Introducing our new kaikorero for this week tātou mā

Ko Moumoukai, Whakapunake nga maunga
Ko Te Wairoa hōpupu hōngenge matangirau, Kopuawhara, nga Nuhaka nga awa
Ko Kahungunu, Tākitimu, Te Rākātō nga marae
Ko Tākitimu, Kurahaupo nga waka
Ko Ngāti Kahungunu, Rongomaiwahine, Ngāti Rakaipaaka, nga iwi
Ko Ngāi Te Rakatō, Ngāi Te Apatu, Te Whare Rau o Te Tahinga nga hapu

Dr Phillip Wilcox is a distinguished senior Māori lecturer at the University of Otago Department of Mathematics and Statistics. However, he has also contributed immensely to the development of ethical frameworks and processes of engagement between researchers and Māori communities. 
This weeks kōrero will touch on the applications of genomics in Māoridom and its history, indigenous data sovereignty and more! 

## Wednesday 7pm Live on The MOKO Foundation Facebook page ##

Comment on Facebook

Rawinia Wilcox Tony Merriman Huti Watson Lisa Matisoo-Smith Ben Te Aika tonite...

Kicking off this week with another staff profile!

Introducing Conor Watene O’Sullivan our Health Research Coordinator for Waharoa Ki Te Toi I am the oldest of seven siblings, so growing up I knew what responsibility meant and how to manage crowds. My experience of growing up as a Māori within a community such as Kaitaia has given me the passion to want to do something meaningful with my career and skills. I have always been fascinated with the many factors influencing the health of our communities and how we as a society strive to prioritise equity and equality for everyone, but in reality, this is not the case or outcome. Therefore, my passion lies with anything to do with Māori health, and I want to play my little part in seeing that improve. Typical for someone who has grown up in the Far North, whenever I have free time all I want to do is go fishing, diving, surfing or simply be amongst the elements of the taio and this resonates with my favourite colour which is ocean blue.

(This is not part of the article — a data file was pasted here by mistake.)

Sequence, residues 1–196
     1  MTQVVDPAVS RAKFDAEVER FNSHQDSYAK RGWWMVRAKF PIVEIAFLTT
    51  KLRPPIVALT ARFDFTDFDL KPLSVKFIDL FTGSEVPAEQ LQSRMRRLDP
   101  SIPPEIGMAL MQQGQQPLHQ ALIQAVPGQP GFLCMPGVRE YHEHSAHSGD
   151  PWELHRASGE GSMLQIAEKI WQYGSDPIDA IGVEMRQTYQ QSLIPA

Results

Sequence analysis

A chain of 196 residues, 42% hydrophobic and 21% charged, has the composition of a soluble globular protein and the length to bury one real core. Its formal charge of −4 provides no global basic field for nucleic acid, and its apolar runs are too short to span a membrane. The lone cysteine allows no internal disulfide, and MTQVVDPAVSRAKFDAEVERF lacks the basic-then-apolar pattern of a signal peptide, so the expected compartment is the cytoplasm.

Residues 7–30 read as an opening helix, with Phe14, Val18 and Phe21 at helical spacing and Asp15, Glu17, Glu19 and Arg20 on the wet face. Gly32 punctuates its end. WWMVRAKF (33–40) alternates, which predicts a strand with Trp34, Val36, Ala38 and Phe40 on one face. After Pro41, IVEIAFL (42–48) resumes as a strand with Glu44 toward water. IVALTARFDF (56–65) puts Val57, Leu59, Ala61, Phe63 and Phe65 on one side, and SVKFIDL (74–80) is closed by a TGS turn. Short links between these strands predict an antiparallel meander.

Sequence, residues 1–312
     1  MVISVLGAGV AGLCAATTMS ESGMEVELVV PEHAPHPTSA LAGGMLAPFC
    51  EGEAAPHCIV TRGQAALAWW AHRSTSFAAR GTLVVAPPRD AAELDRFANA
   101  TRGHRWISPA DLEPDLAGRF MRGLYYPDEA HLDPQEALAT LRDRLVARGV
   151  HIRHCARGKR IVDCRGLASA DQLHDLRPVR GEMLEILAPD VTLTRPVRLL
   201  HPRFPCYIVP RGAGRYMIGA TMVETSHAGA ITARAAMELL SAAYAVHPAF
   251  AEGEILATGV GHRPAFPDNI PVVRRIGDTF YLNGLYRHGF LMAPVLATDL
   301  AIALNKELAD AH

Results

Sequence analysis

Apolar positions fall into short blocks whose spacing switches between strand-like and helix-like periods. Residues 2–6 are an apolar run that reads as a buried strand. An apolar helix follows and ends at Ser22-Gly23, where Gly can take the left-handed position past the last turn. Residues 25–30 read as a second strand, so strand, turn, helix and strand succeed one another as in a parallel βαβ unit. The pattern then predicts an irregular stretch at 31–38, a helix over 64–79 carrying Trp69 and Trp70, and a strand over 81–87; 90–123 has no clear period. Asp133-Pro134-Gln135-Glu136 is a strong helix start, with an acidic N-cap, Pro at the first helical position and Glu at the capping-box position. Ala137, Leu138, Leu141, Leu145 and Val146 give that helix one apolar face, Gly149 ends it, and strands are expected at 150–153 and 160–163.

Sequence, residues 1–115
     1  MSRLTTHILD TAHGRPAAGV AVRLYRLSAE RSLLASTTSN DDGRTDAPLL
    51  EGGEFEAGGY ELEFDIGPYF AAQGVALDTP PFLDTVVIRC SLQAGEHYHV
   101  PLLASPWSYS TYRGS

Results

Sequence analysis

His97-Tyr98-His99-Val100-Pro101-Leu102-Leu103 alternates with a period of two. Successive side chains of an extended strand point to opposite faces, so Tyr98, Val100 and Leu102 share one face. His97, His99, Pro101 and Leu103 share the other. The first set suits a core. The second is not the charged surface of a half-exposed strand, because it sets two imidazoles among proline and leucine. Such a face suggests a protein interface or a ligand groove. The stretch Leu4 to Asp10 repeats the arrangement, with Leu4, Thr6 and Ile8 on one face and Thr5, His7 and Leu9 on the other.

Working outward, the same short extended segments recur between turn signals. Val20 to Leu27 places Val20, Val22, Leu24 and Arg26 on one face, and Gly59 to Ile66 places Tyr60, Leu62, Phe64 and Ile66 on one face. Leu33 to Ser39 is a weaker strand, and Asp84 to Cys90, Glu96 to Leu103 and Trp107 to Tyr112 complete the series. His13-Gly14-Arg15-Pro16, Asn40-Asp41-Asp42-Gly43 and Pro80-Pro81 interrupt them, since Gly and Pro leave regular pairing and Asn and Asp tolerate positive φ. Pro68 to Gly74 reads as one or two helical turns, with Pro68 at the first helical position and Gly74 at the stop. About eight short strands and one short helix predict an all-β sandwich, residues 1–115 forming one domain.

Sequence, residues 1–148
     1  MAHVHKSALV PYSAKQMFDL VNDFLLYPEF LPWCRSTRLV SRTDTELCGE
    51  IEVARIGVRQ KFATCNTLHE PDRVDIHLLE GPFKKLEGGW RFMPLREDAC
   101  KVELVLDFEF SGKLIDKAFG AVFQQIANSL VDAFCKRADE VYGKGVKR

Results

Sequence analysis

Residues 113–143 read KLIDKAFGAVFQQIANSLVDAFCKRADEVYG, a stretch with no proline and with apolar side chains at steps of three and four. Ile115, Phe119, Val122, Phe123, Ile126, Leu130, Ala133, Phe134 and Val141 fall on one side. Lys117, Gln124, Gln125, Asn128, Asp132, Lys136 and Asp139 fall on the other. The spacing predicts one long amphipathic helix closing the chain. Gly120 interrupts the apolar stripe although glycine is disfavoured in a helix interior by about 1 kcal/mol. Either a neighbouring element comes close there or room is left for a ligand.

... See MoreSee Less

Kicking off this week with another staff profile!

Introducing Conor Watene O’Sullivan our Health Research Coordinator for Waharoa Ki Te Toi I am the oldest of seven siblings, so growing up I knew what responsibility meant and how to manage crowds. My experience of growing up as a Māori within a community such as Kaitaia has given me the passion to want to do something meaningful with my career and skills. I have always been fascinated with the many factors influencing the health of our communities and how we as a society strive to prioritise equity and equality for everyone, but in reality, this is not the case or outcome. Therefore, my passion lies with anything to do with Māori health, and I want to play my little part in seeing that improve. Typical for someone who has grown up in the Far North, whenever I have free time all I want to do is go fishing, diving, surfing or simply be amongst the elements of the taio and this resonates with my favourite colour which is ocean blue.

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Tena koe Connor.

Kiaora raa Connor ka mihi ki a koe ehoa mo ou mahi tika mahi pono mahi rangatira